By contrast, measures of events, programs, and resources, as well as measures of public attitudes toward policies and environments, are much less developed. Further development will help prepare these constructs for inclusion in national surveillance systems.

Supporting Actions for Implementation

The committee recommends the following actions to support this strategy:

Suggested Citation:"5 Community Supports for Physical Activity." National Academies of Sciences, Engineering, and Medicine. 2019. Implementing Strategies to Enhance Public Health Surveillance of Physical Activity in the United States. Washington, DC: The National Academies Press. doi: 10.17226/25444.
×
Suggested Citation:"5 Community Supports for Physical Activity." National Academies of Sciences, Engineering, and Medicine. 2019. Implementing Strategies to Enhance Public Health Surveillance of Physical Activity in the United States. Washington, DC: The National Academies Press. doi: 10.17226/25444.
×

Strategy 18

Background

Objective measurement of community supports using GIS is an important component of a surveillance system for physical activity. The depth and availability of GIS data on community supports varies by sector. For instance, transportation system characteristics such as the presence of public streets and number of street lanes are collected, distributed, and regularly updated by the U.S. Census Bureau (U.S. Census Bureau, 2018). Other data

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2 Available at https://www.epa.gov/smartgrowth/smart-location-mapping (accessed March 25, 2019).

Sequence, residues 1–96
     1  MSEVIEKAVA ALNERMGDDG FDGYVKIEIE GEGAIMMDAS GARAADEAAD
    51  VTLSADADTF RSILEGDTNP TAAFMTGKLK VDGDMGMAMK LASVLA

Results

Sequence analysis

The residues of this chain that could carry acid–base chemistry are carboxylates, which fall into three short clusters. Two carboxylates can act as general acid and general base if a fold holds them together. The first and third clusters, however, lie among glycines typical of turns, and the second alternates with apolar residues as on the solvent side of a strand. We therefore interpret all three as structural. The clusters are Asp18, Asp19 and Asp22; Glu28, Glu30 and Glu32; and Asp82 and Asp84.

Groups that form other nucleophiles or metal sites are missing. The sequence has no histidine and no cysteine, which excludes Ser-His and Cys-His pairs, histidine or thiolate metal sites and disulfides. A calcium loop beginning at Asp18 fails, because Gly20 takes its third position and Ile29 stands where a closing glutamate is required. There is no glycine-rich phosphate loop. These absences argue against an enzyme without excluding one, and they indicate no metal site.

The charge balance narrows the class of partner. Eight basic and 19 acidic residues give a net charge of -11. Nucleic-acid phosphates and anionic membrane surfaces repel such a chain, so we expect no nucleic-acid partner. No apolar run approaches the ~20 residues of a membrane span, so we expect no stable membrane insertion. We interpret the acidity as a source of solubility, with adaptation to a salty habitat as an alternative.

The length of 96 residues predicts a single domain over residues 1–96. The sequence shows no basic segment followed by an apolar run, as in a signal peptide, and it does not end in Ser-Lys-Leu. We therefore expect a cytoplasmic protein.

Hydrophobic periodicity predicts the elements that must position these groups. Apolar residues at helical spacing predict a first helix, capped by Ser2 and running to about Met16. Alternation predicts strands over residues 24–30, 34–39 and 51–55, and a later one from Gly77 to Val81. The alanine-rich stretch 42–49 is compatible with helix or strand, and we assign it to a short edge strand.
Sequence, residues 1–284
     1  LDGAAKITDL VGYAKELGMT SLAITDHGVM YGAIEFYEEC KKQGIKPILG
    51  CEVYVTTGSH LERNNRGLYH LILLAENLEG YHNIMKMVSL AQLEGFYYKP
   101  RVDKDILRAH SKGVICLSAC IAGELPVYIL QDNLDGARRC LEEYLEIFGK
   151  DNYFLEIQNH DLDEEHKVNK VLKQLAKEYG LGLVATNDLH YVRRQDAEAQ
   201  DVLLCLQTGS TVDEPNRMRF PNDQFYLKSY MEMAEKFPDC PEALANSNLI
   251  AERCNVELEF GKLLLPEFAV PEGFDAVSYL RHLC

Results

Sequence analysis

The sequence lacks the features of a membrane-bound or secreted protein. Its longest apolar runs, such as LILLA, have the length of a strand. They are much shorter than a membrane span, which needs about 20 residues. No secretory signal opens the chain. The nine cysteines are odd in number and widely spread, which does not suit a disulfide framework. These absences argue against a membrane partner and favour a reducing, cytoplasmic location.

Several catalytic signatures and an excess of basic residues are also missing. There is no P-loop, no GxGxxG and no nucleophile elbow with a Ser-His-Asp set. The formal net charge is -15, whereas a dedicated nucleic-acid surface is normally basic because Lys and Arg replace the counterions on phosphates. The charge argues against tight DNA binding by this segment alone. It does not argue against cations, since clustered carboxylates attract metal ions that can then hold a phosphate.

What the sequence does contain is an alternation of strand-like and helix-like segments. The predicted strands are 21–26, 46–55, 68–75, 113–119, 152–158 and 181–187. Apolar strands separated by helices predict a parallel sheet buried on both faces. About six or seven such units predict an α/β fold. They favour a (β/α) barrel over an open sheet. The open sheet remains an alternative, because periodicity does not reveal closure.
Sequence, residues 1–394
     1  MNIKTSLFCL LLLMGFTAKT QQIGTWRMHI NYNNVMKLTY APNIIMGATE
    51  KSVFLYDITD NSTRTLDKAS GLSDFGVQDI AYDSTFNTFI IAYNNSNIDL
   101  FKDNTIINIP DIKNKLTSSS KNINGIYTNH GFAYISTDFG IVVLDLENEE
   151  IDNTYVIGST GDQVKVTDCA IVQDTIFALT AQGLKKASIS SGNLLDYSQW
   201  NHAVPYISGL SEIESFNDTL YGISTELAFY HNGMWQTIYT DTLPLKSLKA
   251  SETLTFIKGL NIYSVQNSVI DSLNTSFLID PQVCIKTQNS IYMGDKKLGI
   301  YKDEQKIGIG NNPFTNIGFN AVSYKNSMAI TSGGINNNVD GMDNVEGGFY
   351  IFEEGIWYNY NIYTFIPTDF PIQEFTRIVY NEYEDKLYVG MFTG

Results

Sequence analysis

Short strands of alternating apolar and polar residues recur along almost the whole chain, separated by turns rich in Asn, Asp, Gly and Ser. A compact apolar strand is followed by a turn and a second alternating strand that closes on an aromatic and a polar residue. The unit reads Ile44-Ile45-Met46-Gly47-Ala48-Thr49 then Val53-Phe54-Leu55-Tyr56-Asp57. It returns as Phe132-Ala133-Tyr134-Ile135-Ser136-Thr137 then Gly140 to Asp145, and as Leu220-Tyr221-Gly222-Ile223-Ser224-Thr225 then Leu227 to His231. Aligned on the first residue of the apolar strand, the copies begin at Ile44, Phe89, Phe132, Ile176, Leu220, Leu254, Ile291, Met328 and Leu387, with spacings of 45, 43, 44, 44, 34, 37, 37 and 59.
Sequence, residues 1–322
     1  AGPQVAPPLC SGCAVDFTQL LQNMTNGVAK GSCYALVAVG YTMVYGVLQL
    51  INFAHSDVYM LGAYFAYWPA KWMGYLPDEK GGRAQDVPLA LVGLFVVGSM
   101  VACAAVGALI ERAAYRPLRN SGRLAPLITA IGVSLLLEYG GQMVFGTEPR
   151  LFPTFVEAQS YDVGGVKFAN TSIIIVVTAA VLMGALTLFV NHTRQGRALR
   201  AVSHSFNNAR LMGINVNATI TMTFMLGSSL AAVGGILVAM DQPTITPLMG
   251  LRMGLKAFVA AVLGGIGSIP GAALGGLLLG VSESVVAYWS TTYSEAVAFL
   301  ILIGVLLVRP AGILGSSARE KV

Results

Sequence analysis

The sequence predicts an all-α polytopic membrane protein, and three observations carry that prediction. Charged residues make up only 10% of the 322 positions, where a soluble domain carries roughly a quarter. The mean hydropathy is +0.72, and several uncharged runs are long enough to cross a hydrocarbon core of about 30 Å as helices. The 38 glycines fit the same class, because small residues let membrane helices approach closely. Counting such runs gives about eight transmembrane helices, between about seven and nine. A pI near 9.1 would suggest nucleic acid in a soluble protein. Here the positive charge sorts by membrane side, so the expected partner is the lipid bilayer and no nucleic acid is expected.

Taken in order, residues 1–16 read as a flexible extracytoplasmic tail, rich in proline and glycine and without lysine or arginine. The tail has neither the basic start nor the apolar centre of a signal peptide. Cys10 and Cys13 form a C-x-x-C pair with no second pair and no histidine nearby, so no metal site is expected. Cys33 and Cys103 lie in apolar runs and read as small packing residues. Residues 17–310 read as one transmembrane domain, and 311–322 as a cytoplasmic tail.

Suggested Citation:"5 Community Supports for Physical Activity." National Academies of Sciences, Engineering, and Medicine. 2019. Implementing Strategies to Enhance Public Health Surveillance of Physical Activity in the United States. Washington, DC: The National Academies Press. doi: 10.17226/25444.
×

such as the presence and quality of sidewalks, bicycle facilities, and parks are not collected nationally, but some municipalities and regional agencies collect, maintain, and disseminate these data. Availability of GIS data on land uses and places people visit (e.g., libraries, health care clinics, stores), building footprints, and building intensity varies considerably across cities, and no single national source exists. Some private firms commercialize GIS-related information based on administrative records, such as employment reporting and county and municipal permits, that can be used to infer land uses and destinations (e.g., National Employment Time Series, InfoUSA/ReferenceUSA). Others have recently used image processing to develop a national inventory of buildings (Microsoft, 2018), but this technique has not been applied to examine community supports relevant to physical activity. Finally, indices (e.g., WalkScore®, BikeScore®, ParkScore®) that attempt to encapsulate in a single score the degree of community support for a specific physical activity behavior have been developed and commercialized recently and are also being increasingly used in research (Hirsch et al., 2014; Braun et al., 2016).

Findings